- -Turkeys, grouse, peacocks, pheasants, cormorants
How well could Archaeopteryx fly?
- Ostrom: could not or hardly fly - because no keeled sternum or triosseal canal.
- Rayner: good flyer - well-formed wings and flight feathers, even with no strong upstroke.
- Could probably fly well at high speed but poorly at low speed, so takeoff and landing would have been biggest problems.
- May have climbed trees and glided away for escape (typical of gliders) then developed flapping flight to extend that ability.
- Earliest Cretaceous Birds
- Rahonavis - Madagascar=bird based on reversed hallux and ulnar feather papillae. It retains all primitive features of Archaeopteryx.
- Jeholornis of China retains most primitive features but has begun specilization of hand that would continue in later birds. Seeds preserved in stomach area clearly indicate diet.
- confuciusornis sanctus
- Earliest toothless (beaked) bird, from early Cretaceous of China, still has clawed hands.
- Earliest birds lacking teeth
- first with pygostyle (8-9 fused caudal vertebrae) and synsacrum (7 fused sacral vertebrae)
- Slight keel on sternum
- Considered earliest memebers of the Pygostylia
- Beautiful preservation from Liaoning Province, China
- Lack of teeth, claws on fingers, pygostyle, and tail of long feathers. Males with much longer tails than females.
- "egg stealers"
- Upper Cretaceous of Mongolia
- Short snouts, toothless jaws
- Large fenestrae in mandible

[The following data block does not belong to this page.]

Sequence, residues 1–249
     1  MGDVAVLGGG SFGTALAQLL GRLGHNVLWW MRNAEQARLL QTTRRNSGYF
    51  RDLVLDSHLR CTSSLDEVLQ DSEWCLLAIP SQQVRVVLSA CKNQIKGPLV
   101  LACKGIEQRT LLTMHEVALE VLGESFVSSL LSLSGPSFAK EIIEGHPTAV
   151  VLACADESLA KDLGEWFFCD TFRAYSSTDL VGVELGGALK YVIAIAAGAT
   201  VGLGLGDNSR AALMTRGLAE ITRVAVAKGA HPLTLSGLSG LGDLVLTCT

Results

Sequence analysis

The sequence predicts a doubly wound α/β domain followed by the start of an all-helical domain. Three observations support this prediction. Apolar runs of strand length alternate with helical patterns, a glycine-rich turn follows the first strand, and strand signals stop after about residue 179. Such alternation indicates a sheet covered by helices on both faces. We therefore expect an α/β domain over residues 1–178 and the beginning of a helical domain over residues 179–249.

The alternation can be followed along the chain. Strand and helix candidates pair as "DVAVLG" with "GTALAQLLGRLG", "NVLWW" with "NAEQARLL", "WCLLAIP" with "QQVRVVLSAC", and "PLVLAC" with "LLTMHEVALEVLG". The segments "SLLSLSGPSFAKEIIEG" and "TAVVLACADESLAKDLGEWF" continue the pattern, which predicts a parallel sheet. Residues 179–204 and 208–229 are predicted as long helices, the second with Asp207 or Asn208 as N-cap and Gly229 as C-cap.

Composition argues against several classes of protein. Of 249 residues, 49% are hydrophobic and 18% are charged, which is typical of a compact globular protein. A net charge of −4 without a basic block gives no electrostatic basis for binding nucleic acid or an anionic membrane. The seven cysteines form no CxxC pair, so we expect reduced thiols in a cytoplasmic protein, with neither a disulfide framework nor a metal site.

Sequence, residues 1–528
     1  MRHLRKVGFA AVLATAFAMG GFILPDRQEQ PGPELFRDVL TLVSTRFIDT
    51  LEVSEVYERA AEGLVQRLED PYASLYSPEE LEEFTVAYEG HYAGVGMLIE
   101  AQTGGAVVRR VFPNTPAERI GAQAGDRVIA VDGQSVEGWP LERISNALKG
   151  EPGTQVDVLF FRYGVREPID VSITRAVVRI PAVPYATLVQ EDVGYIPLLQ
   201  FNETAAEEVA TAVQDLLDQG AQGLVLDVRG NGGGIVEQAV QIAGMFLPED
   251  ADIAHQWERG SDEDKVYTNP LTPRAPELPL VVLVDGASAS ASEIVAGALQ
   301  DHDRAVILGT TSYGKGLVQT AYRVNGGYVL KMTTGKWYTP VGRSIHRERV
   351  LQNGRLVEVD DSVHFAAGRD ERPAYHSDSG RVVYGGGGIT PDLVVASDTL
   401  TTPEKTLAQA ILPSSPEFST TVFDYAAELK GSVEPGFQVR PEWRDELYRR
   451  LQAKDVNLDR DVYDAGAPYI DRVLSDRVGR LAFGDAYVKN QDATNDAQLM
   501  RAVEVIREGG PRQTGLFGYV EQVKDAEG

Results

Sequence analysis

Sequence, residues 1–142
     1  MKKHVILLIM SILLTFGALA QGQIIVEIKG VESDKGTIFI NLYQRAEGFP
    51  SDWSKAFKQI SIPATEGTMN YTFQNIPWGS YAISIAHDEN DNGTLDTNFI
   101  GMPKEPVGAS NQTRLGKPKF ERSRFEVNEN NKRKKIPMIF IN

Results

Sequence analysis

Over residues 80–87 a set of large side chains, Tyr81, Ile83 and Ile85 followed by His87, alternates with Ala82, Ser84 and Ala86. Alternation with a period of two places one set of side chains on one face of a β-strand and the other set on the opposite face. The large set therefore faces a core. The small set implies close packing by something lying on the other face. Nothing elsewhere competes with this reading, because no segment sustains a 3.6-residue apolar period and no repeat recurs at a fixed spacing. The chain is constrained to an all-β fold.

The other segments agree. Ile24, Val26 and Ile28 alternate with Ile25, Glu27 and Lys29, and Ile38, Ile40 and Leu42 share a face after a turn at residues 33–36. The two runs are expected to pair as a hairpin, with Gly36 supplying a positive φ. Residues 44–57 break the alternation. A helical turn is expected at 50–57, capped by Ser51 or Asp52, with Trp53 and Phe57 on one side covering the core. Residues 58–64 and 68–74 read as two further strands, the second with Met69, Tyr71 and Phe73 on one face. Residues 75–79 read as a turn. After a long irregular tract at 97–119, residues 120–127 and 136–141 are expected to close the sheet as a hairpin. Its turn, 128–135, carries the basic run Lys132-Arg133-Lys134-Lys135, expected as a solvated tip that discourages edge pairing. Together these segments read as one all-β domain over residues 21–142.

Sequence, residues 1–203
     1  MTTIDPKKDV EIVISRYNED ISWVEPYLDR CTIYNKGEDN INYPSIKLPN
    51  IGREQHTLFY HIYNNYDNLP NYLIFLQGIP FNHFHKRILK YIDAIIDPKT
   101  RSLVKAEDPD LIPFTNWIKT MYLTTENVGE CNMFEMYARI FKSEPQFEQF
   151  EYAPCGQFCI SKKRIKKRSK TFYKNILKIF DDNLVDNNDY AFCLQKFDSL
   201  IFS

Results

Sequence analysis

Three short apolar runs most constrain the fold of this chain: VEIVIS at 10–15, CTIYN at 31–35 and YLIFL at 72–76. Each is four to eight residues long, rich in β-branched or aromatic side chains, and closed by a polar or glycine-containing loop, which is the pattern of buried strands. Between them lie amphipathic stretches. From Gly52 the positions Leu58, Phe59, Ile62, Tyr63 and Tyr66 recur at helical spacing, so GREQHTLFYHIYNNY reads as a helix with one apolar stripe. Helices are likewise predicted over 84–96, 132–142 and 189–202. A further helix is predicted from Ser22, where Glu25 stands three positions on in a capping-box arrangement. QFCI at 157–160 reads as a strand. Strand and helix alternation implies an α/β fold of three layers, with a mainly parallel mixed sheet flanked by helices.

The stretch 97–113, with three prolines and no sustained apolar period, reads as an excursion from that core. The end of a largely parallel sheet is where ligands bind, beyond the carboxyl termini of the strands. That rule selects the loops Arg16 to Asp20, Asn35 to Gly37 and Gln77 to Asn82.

- Deep, strong lower jaws
- Crest of sponge-like bone on tip of snout
- Fused clavicles (as in birds)
- Evidence of brooding their eggs
- alternately aberrant flightless birds or coelurosaurs (related to ornithomimosaurs).
- The puzzle of Monoykus
- Late Cretaceous of Mongolia
- Either a flightless bird or bizarre theropod.
- Radically reduced, specialized forelimbs hide most of the evidence.
- Basal group of new clade: Ornithothoraces
- -Short trunk fewer than 13 thoracic vertebrae
- -Strut-like coracoid with triosseal foramen
- Major group of Cretaceous birds (40+ species)
- Fossils found nearly worldwide
- Sparrow-sized to 1-meter wingspan
- Mid-grade of birds with a mix of modern and primitive characters.
- Early Cretaceous of China, had keeled sternum and perching feet but retained teeth and small wing claws.
- Smallest of the Enantiornites, from China
- A small Enantiornithes from Spain
- Eight free caudal vertebrae and a plate-like pygostyle
- Specialized for perching with a reversed hallux
- Retains claws on wings
- Hesperornis - flightless marine bird